There is nothing really magical about the flip of the calendar, but it does seem that moving from one year into the next affords us a good opportunity to reflect on the past and to anticipate the future. In particular, I find that I am in several meetings in early January where various groups are seeking to discern God’s direction in 2011.
For example, yesterday I was involved in a day-long retreat with the Directors of our Conference Center staff, along with David V.W. Owen, who is Executive Assistant to the Bishop. While our group realizes that we do not make all of the decisions for the Annual Conference, we are in many ways the “stewards” of the decisions made at Annual Conference and are called to help lead and move the conference forward in the ways it has voted. We spent our time looking at the Jim Collins’ book Good to Great and asking ourselves the tough questions that Collins raises. In particular, Collins says that “good is the enemy of great” – when we become satisfied and comfortable with just being a good church, a good person, or a good mission. We are called to continue growing toward excellence or greatness.
Other groups are having similar meetings, planning sessions, and retreats to move toward the future. As I reflect upon all of this, I want to offer these thoughts about discerning God’s will for this New Year:
1. God’s will is usually best discovered in Christian community, not in solo experiences of prayer. Certainly we each need our own devotional time, and every individual Christian can be guided by God’s Holy Spirit. But in our Wesleyan tradition, we are reminded that God most often works through “conferencing” with other Christians. When we seek to discern God’s will by ourselves, without working together in a Christian community, we can fall into the temptation of believing that what we want is also what God’s wants for us. Having to share that discernment with others opens us to the possibility of having those thoughts challenged and expanded.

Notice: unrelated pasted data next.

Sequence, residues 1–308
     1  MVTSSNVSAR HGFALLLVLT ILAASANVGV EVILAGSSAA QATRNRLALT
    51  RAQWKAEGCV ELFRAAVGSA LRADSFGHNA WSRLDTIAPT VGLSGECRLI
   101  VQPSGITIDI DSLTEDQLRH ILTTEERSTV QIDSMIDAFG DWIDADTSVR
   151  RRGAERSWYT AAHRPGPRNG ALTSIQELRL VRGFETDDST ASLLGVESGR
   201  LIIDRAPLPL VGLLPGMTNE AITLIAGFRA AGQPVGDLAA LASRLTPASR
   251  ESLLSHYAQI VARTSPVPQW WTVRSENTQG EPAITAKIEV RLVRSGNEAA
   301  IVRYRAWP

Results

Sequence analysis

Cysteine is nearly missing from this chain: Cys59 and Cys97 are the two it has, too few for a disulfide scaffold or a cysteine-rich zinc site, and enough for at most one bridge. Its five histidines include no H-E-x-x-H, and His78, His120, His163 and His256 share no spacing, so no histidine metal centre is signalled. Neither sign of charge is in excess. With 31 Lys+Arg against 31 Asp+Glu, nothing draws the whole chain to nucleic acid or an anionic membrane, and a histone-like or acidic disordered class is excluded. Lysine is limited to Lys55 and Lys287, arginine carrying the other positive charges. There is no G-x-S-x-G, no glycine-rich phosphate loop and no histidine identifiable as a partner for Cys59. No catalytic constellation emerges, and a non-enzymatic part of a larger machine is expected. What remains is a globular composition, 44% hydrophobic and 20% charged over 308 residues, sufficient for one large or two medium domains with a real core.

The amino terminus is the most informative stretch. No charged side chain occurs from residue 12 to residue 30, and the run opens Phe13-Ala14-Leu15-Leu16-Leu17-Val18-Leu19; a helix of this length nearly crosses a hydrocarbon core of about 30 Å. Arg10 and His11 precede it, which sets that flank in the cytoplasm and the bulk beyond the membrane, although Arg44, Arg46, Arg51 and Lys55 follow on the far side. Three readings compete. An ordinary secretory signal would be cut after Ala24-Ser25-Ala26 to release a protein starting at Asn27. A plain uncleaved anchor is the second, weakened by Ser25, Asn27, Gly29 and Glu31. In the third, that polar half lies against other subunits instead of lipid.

2. God’s will often involves challenge more than comfort. When I struggle to find God’s will on a particular issue, I often find that the “comfortable” or the “familiar” is very attractive, but it is not often where I will find God.
We live in a world where “comfort” and “preference” most often guide people’s decisions. That is understandable, but it is seldom the way to God’s will for our lives. As I reflect on my life and ministry, of course I have enjoyed those times when I have been comfortable, but I have grown the most during those times which were challenging.
Bishop Reuben Job once put that to me in an even more profound way. We were in the same Covenant Group in the Council of Bishops where I had shared about a decision I needed to make. He said, “Whenever you face a choice of two paths, choose the one where you see the shadow of the Cross.”
3. God’s presence is intimately and completely joined with God’s will. Or to put it another way, when we are obedient to God’s will we also discover God’s presence to lead us. When we do not sense God’s presence, it may be due to our lack of obedience. If we are not being faithful to God’s will as we know it now, how in the world will we possibly discover God’s new will for us?
To be more blunt: before we look ahead to the New Year and prepare to seek and follow God’s will, we may need to look back to the last year and confess those places where we knew God’s will but were not obedient. Perhaps only then will God choose to reveal God’s will for the New Year.
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This whole business of discerning God’s will for the New Year is so much larger than simply making the usual kinds of New Year’s resolutions that so often fail. As one writer has said, “Many people look forward to the new year for a new start on old habits.” Lest we fall into that trap, we need to take seriously how we discern God’s will.
I hope you have a Happy New Year that is filled with God’s presence and follows God’s direction.